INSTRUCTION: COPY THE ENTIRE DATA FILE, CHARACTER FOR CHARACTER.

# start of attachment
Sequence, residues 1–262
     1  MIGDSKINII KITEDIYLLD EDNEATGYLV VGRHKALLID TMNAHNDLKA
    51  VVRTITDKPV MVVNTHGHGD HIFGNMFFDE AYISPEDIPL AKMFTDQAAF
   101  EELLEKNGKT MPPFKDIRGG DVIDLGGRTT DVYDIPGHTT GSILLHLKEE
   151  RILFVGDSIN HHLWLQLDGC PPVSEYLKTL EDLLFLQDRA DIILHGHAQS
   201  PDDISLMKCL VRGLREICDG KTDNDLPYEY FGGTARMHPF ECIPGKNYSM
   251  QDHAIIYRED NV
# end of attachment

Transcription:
Sequence, residues 1–262
     1  MIGDSKINII KITEDIYLLD EDNEATGYLV VGRHKALLID TMNAHNDLKA
    51  VVRTITDKPV MVVNTHGHGD HIFGNMFFDE AYISPEDIPL AKMFTDQAAF
   101  EELLEKNGKT MPPFKDIRGG DVIDLGGRTT DVYDIPGHTT GSILLHLKEE
   151  RILFVGDSIN HHLWLQLDGC PPVSEYLKTL EDLLFLQDRA DIILHGHAQS
   201  PDDISLMKCL VRGLREICDG KTDNDLPYEY FGGTARMHPF ECIPGKNYSM
   251  QDHAIIYRED NV